The cover image did receive pushback, at which point Cobain agreed to release the album with a sticker over Elden’s genitals that said: “If you’re offended by this, you must be a closet pedophile.”

“The sticker, however, was never incorporated into the album cover,” the lawsuit said.

As a result, Elden “has been and will continue to suffer personal injury” and “permanent harm,” including “extreme and permanent emotional distress with physical manifestations, interference with his normal development and educational progress, lifelong loss of income earning capacity, loss of past and future wages, past and future expenses for medical and psychological treatment, loss of enjoyment of life, and other losses,” the suit stated.

Neither Elden nor his guardians signed a release authorizing the use of the image, according to the suit said. The family was paid $250, Entertainment Weekly reported in 1992.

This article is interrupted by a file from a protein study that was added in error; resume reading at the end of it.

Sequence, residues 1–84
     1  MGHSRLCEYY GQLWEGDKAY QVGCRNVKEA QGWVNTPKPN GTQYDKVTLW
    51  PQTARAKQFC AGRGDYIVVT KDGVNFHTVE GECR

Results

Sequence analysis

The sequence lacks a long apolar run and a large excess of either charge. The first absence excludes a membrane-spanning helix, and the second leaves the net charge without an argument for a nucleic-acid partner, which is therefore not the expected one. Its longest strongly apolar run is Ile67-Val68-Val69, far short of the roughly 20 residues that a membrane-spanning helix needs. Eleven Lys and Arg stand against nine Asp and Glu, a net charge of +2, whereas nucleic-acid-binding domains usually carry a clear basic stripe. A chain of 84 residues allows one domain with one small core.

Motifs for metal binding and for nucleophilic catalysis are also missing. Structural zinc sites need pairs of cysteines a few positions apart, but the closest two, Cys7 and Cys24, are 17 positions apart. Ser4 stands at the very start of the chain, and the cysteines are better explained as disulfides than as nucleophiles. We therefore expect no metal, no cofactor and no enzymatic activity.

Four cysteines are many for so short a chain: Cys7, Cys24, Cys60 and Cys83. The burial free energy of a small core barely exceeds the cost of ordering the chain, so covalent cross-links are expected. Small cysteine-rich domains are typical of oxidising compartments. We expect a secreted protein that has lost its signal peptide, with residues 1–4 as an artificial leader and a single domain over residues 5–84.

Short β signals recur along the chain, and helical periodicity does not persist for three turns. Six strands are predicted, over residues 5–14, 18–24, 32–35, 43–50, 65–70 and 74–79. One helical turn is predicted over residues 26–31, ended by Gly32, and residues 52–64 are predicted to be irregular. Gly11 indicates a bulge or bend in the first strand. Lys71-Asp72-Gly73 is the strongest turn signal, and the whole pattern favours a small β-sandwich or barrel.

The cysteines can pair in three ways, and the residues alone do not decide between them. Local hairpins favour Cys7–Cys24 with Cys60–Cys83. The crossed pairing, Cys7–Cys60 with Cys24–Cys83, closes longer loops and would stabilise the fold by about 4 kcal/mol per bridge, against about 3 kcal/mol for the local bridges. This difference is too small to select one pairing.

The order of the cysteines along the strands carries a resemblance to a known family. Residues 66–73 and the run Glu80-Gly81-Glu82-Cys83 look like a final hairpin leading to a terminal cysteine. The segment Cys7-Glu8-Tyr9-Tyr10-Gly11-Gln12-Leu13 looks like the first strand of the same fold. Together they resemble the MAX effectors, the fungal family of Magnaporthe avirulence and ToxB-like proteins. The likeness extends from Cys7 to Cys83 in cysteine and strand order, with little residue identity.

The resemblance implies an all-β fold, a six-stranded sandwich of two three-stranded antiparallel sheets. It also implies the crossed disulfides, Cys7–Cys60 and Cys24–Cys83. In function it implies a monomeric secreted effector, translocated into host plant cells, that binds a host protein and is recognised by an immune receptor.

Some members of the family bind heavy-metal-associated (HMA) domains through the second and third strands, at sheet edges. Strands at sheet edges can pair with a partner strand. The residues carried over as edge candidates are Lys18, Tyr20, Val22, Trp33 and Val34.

In 2008, Spencer’s father, Rick, recounted the 1991 shoot to NPR. His friend Weddle, the photographer, “calls us up and was like, ‘Hey Rick, wanna make 200 bucks and throw your kid in the drink?'” the father recalled. “I was like, ‘What’s up?’ And he’s like, ‘Well, I’m shooting kids all this week, why don’t you meet me at the Rose Bowl (Aquatic Center), throw your kid in the drink?’ And we just had a big party at the pool, and no one had any idea what was going on!”

The NPR story went on to say that the family didn’t think more about it until, three months later, they saw a 9′-by-9′ blowup of the cover on the Tower Records wall on Sunset Boulevard.

“Two months later,” the article said, “Geffen Records sent 1-year-old Spencer Elden a platinum album and a teddy bear.”

Elden has repeatedly recreated the pose as a teenager and adult, diving into pools to pose — with swim trunks on — on the occasion of the album’s 10th, 17th, 20th, and 25th anniversaries.